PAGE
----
TPWD HQ in Austin will open at noon on Thursday, March 5. Please use caution when driving.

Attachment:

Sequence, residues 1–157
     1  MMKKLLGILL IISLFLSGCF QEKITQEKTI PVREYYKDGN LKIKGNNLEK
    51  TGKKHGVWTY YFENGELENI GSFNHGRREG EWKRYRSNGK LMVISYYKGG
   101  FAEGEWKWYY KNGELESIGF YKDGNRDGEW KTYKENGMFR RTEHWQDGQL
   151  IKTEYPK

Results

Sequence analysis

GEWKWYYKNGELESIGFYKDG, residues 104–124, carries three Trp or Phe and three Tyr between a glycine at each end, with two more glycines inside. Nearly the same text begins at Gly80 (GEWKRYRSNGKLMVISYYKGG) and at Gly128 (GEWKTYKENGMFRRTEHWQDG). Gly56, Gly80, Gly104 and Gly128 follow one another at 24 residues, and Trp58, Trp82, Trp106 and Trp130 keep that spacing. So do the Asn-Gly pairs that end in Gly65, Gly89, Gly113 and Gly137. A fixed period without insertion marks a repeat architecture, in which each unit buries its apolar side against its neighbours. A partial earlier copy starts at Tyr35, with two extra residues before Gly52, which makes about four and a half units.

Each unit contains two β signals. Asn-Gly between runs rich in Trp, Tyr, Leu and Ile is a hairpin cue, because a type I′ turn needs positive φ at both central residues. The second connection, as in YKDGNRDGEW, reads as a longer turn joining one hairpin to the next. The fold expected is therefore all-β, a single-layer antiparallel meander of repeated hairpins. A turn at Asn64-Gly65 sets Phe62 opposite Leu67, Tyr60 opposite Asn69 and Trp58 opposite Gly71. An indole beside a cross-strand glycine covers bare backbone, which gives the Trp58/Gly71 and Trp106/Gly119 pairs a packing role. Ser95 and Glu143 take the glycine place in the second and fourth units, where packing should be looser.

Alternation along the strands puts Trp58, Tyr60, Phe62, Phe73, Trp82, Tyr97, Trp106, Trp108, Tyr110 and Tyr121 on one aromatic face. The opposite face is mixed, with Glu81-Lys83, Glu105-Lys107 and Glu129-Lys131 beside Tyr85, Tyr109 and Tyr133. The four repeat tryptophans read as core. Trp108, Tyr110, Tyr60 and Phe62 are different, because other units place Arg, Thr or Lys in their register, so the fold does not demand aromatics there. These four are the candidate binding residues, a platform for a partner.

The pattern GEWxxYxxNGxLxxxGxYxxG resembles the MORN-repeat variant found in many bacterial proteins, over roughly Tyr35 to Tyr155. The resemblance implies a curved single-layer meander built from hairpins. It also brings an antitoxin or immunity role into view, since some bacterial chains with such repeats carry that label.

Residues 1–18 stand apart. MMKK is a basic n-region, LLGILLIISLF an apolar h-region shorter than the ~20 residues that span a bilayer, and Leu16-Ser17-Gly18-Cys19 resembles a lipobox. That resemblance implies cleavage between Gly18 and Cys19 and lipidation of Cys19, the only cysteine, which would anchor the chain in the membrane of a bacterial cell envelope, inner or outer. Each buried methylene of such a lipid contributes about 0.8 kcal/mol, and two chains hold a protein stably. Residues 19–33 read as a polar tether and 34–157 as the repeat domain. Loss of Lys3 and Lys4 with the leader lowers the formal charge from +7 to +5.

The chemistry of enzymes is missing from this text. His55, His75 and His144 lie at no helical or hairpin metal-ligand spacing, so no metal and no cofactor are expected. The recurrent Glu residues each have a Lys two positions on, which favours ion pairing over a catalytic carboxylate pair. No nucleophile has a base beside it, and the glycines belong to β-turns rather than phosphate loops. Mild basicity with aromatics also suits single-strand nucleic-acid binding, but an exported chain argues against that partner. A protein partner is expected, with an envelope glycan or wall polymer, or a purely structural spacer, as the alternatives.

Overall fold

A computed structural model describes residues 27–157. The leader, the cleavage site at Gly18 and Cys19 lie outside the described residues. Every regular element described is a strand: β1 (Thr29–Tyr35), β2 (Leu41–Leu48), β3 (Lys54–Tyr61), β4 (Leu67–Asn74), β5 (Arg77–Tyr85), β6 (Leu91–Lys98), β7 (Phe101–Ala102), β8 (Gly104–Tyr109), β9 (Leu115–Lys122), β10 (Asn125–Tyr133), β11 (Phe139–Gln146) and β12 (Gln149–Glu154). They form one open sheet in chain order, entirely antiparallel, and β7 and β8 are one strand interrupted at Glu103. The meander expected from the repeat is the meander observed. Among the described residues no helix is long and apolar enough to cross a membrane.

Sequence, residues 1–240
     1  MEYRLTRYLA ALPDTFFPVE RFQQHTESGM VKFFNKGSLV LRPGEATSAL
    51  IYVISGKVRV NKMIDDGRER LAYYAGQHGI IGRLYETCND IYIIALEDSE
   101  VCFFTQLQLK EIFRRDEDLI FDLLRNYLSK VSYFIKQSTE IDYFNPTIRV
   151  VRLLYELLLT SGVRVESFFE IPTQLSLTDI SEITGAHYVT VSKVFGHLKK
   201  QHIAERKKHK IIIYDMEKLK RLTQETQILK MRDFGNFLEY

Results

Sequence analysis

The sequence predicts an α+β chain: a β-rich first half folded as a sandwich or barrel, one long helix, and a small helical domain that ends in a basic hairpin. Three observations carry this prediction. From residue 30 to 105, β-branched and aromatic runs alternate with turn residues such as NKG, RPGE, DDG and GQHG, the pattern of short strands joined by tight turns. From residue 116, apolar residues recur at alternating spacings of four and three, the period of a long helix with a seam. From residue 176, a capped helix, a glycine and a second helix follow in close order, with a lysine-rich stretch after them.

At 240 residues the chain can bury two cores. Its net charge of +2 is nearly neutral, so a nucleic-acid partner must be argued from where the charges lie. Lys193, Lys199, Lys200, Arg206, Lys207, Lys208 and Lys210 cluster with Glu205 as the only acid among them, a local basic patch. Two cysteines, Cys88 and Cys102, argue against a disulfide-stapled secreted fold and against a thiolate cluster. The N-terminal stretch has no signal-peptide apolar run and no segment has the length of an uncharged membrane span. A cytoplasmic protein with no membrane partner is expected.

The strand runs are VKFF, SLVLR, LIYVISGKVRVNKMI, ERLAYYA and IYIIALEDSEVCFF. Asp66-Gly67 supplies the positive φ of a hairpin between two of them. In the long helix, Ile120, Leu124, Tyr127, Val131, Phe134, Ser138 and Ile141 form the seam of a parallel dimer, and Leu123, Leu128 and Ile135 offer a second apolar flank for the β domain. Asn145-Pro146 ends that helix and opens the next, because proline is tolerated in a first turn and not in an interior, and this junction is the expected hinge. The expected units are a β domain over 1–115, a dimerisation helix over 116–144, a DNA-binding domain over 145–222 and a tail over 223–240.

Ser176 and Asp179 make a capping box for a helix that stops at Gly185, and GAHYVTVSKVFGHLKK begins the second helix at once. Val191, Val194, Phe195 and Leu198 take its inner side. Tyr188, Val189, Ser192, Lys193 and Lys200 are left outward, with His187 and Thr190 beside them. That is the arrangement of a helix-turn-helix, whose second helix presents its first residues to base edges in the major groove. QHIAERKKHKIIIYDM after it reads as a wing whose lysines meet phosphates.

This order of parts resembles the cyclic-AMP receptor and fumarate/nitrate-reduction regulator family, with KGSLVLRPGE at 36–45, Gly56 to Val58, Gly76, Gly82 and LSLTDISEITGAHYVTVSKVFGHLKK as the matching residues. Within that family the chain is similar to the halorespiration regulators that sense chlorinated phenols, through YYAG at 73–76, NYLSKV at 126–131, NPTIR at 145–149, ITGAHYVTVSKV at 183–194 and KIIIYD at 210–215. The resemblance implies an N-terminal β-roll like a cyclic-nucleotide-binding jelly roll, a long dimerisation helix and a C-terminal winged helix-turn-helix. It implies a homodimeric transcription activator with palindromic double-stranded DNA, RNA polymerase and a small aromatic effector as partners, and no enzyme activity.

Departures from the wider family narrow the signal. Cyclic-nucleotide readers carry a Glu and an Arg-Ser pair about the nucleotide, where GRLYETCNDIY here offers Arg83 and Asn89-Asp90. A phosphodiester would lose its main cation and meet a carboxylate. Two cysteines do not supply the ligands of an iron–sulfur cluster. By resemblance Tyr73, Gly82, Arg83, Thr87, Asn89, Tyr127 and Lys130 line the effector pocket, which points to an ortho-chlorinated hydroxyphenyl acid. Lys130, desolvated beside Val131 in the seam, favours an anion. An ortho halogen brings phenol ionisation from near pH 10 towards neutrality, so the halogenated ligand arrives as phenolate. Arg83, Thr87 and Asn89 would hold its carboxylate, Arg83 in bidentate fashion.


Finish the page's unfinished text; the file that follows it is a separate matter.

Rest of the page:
+-------------------------------------------------------------------------+ | TPWD News Releases Dated 2012-02-29 | +-------------------------------------------------------------------------+ | This page contains only plain text, no HTML formatting codes. | | It is not designed for display in a browser but for copying | | and editing in whatever software you use to lay out pages. | | To copy the text into an editing program: | | --Display this page in your browser. | | --Select all. | | --Copy. | | --Paste in a document in your editing program. | | If you have any suggestions for improving these pages, send | | an e-mail to email@example.com and mention Plain Text Pages. | +-------------------------------------------------------------------------+ [ Note: This item is more than three years old. Please take the publication date into consideration for any date references. ] [ General Media Contact: Business Hours, 512-389-4406 ] [ Additional Contacts: Michael Baird, Texas Parks and Wildlife Department fisheries biologist, (254) 666-5190 or firstname.lastname@example.org ] Feb. 29, 2012 Fishing for New Lake Records at Pat Cleburne Lake ATHENS--While drought and reports of low lake levels have kept many anglers at home instead of on the water, recent rains have refilled many lakes, and the fishing is fine. Pat Cleburne Lake near the town of the same name is a case in point. Many Pat Cleburne anglers, especially catfish anglers, claim the lake to be their favorite "honey hole" due to the lake's relatively low visitation. These claims are easy to justify based on water body records. Rod and reel records for the lake include 11.0-pound largemouth bass, 1.3-pound white bass, and 1.0-pound white crappie. Jug line records boast a 30.1-pound blue catfish and 52.0-pound flathead catfish, while the bowfishing record for common carp is 7.0 pounds. Anyone can enjoy fishing Pat Cleburne and have a great opportunity to seek out new record fish, since existing records are limited. For example, there are no rod and reel records for channel, blue and flathead catfish, black crappie or spotted bass. Additionally, there are no records for freshwater drum, smallmouth buffalo, river carpsucker, common and grass carp, spotted and longnose gar, bullhead catfishes or panfishes. This means there are plenty of new water body record fish swimming freely around the lake! Other record categories, such as fly-fishing and junior angler, are also wide open for Pat Cleburne anglers. Pat Cleburne is a 1,558-acre reservoir supplied by the Nolan River. Although maximum depth is nearly 40 feet just out from the dam, the upper end consists of mostly shallow water. Fish habitat consists of rocky shoreline near the dam, small timber laydowns, private docks, overhanging brush, and emergent shoreline vegetation in the form of water willow, bulrush, and cattail. Like most central Texas lakes, Pat Cleburne suffered from extreme low water levels in 2011; however, the lake is currently full again. Information about all Texas Parks and Wildlife Department fish record categories, including how to apply for each, can be found at http://www.tpwd.state.tx.us/fishboat/fish/programs/fishrecords/. The link also contains a list of certified scale locations throughout the state, photo galleries of junior and adult anglers with their catches, and a mobile record search which can be set to the home screen of certain smartphones and used like an app, allowing anglers to look up current records for any given water body in the state. So the next time you're wondering where to fish, consider Pat Cleburne Lake, and keep the current water body records in mind. If you think you have a record fish, please contact the Inland Fisheries Management office in Waco at (254) 666-5190, Academy Sports of Waco at (254) 399-2410, or consult the above-mentioned link to find a certified scale near you. Don't forget to take pictures of your catch; you might just be the next record holder! And who was Pat Cleburne? According to the Handbook of Texas, he was a major general in the Confederate Army who was killed in the Battle of Franklin, Tennessee, in November 1864. -30- [ Note: This item is more than three years old. Please take the publication date into consideration for any date references. ] [ Media Contact: Larry Hodge, 903-676-2277, email@example.com ] [LH] Feb. 29, 2012 Spring Breaking at Texas Freshwater Fisheries Center ATHENS, Texas--Families looking for a place to have an inexpensive, rewarding family vacation during spring break (and dreading $4 a gallon gas) need look no farther than the Texas Freshwater Fisheries Center (TFFC) in Athens. Located just 75 miles southeast of Dallas, 100 miles east of Waco and 125 miles north of Bryan/College Station, TFFC is a one-tank round trip for 4 or 5 million of you. TFFC offers free fishing with paid admission for channel catfish and rainbow trout with no license, bait, tackle or experience required, and from March 10 until the end of rainbow trout season in late April, visitors can harvest trout for free. Daily limit is five trout per person. Anyone wishing to harvest trout should bring an ice chest and ice. Visitors will also want to check out the center's 300,000 gallons of aquaria featuring native Texas fish, including black bullhead catfish, grass pickerel, lake chubsucker, freshwater drum and white bass, along with sunfish, gar and crappie. There are also some truly monster fish on display, including largemouth bass weighing more than 15 pounds and alligator gar weighing 200 or so. Because there is so much to do and see at TFFC, you'll want to spend the whole day there, so a food vendor will be on site during Fly Fish Texas March 10 and also Tuesday through Saturday, March 13--17. Visitors are also welcome to picnic in the areas provided, and Athens, where the hamburger was invented (yes, really!) has plenty of restaurants. Weekdays at 11:00 a.m., Saturday at 11:00 a.m. and 2:00 p.m., and Sundays at 2:00 p.m. a diver hand-feeds the fish in a 26,000-gallon aquarium with a viewing auditorium while discussing their biology and behavior. Visitors can ask questions of the diver through a live underwater link. After the dive show, visitors can take a tram tour of the hatchery where TFFC annually raises two to three million largemouth bass for stocking into public waters, channel catfish, smallmouth bass and koi carp (fish have to eat, too). Families with youngsters needing to work off some energy will want to disembark the tram at the far end of the hatchery and walk back along the ADA-compliant Wetlands Trail. This 0.8-mile trail features interpretive exhibits on the flora and fauna (that's the birds and the bees and the flowers and the trees), a working bee-hive with see-through walls, a wildflower area and scads of turtles in the ponds. If you should happen to visit during a spring shower, there's plenty to be seen inside the Visitor Center. All the aquaria can be viewed from a covered walkway, and indoor exhibits include a fishing museum, a freshwater fishing hall of fame, displays showing how fish are spawned and raised and a well-stocked gift shop. All this is yours for the price of admission: $5.50 for adults, $4.50 for seniors, and $3.50 for children ages 4 to 12. For more information, call (903) 676-2277 or visit http://www.tpwd.state.tx.us/tffc. --- On the Net: Information on Athens dining, lodging and attractions: http://www.athenstx.org/ -30-